Appleby at Allington

Appleby at Allington by Michael Innes

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Authors: Michael Innes
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these Clamtrees miss him quickly?’
    ‘I’d reckon not.’ Mr Goodcoal, although his mind seemed marked by no great rapidity of movement, was beginning to look surprised. ‘Knockdown gets a bit of work here and a bit of work there, you see, and there will be times when he thinks a barn a good enough place to sleep in. And they do say his trouble waxes and wanes with the moon.’
    ‘Rather a lonely fellow, and with this obsession with electricity?’
    ‘Just that. Neither father, mother or brother that any ever heard of.’
    ‘Perhaps that’s just as well, Mr Goodcoal. Because I’m afraid poor Leofranc Knockdown is dead.’
    ‘I suppose we can pack up now?’ Appleby asked hopefully. It was half-an-hour later, and he had succeeded in finding his wife.
    ‘Good gracious, no!’ Judith gave every appearance of registering shock. ‘It wouldn’t do at all.’
    ‘That old woman went away.’
    ‘That’s quite different. People who declare fêtes and sales and bazaars open always clear out early. It’s part of the ritual.’
    ‘Bother the ritual. I’ve discharged my mission.’
    ‘What do you mean – your mission?’
    ‘You know perfectly well what I mean. You dragged me over here to poke officiously into the great gazebo mystery. Well, I’ve poked – and naturally it’s a mystery no longer. I’ve just got to find your friend Tommy Pride’ – Appleby said this with considerable satisfaction – ‘in order to offer him a helpful word, and after that we can find Wilfred Osborne and clear out.’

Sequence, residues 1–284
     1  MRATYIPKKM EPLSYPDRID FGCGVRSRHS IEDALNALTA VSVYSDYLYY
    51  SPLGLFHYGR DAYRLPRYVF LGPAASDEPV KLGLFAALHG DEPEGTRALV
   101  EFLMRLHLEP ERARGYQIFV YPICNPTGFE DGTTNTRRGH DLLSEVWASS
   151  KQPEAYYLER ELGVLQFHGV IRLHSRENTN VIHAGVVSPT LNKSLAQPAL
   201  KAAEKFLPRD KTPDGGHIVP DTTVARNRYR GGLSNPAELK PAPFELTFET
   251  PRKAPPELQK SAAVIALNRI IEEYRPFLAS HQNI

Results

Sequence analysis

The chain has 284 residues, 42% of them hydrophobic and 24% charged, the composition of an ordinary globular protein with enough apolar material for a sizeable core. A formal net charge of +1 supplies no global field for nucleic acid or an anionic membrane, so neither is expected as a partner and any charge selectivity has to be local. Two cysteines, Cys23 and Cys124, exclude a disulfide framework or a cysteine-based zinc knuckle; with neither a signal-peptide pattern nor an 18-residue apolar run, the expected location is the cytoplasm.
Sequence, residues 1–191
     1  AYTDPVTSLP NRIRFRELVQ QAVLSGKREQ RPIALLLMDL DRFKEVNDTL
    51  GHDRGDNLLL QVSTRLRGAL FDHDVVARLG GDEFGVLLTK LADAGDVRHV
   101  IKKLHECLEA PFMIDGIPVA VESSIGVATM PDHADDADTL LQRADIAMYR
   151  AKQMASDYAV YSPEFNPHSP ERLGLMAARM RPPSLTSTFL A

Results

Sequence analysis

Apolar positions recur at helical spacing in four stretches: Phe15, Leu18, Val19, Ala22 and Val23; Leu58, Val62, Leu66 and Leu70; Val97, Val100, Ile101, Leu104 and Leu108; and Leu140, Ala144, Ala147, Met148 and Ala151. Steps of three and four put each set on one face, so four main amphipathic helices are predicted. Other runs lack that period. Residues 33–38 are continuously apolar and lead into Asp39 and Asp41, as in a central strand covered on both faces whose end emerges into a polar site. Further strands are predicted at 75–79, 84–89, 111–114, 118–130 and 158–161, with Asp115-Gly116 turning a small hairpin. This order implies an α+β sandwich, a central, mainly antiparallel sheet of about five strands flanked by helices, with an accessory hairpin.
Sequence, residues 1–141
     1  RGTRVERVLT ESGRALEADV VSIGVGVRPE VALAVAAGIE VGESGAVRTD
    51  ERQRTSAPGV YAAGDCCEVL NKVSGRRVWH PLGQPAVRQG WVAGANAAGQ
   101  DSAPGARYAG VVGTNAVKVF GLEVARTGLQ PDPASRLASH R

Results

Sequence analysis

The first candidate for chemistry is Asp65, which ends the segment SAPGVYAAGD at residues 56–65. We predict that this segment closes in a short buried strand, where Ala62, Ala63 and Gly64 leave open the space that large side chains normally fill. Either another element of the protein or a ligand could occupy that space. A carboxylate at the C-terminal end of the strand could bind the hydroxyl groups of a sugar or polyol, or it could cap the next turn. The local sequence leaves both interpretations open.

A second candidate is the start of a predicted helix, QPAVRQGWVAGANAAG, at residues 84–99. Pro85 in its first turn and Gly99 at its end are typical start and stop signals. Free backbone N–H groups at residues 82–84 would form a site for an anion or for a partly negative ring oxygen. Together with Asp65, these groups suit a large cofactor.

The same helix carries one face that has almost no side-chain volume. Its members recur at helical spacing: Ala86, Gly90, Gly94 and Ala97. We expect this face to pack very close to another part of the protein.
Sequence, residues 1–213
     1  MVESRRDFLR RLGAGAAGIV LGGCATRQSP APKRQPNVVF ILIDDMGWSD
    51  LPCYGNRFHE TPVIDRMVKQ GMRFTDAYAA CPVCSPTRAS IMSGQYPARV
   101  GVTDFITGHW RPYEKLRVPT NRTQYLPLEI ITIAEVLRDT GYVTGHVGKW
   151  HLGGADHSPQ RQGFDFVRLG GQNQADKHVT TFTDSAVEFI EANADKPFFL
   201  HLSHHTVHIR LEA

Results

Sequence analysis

‘John – you mean you know who the dead man was, and how he came to be killed?’
    ‘Yes, of course. He was the only thing he could be – as I saw clearly enough. A poor fellow who was mad about every sort of electrical gadgetry, but in a dim-witted – actually a mentally subnormal – way. He climbed into the wretched affair to glut himself with gaping, actually got to crawling around, and was unlucky enough to be killed instantaneously on the high-voltage part of the affair. He has no near relations, I’m glad to say.’
    ‘I thought it must be something like that.’
    ‘You did nothing of the kind. Or at least you didn’t say you did.’ Appleby was looking at his wife balefully. ‘In fact, you as good as announced that this fellow Allington had contrived some fiendish sort of murder.’
    ‘That was only a hypothesis.’ Judith appeared to feel that this dismissed the matter. ‘But, talking of Mr Allington, he’s had old Mrs Junkin keep you a meringue.’
    ‘I haven’t the slightest yearning for one of old Mrs Junkin’s meringues.’
    ‘Perhaps that’s just as well.’ Judith was glancing over her shoulder. ‘There’s a long queue now, and you couldn’t very well jump it. Mr Scrape’s first session must be over. Yes, they’re still coming out of the marquee. But there will be more Bingo in half-an-hour. That’s when we’ll go.’
    ‘Bingo! Do you mean to say that the Reverend Mr Scrape’s gambling hell is nothing but a Bingo palace?’
    ‘Of course. But he’s said to be fearfully good at it, and quite to live for it from year to year. For one thing, it’s the only occasion on which he sees crowded rows of his parishioners in front of him. And there’s a strong ritual element in it, after all. You’ll see when we go. We’ll take Wilfred too.’
    ‘Judith, I will not sit under this dissolute priest for the purpose–’
    ‘Do be quiet, John. Here is Mr Scrape coming to talk to us.’
    Mr Scrape advanced upon the Applebys, cordially smiling and energetically mopping his brow. He was a cleric of the stringy sort, such as one scarcely expects to drip at every pore. But it was this that he seemed to be doing. It would be very hot inside the marquee, and the deep Anglican calm which must characterize his common sacerdotal occasions was probably a poor preparation for the altogether more exigent patter required of him upon this red-letter day of his year. Now that he had emerged into

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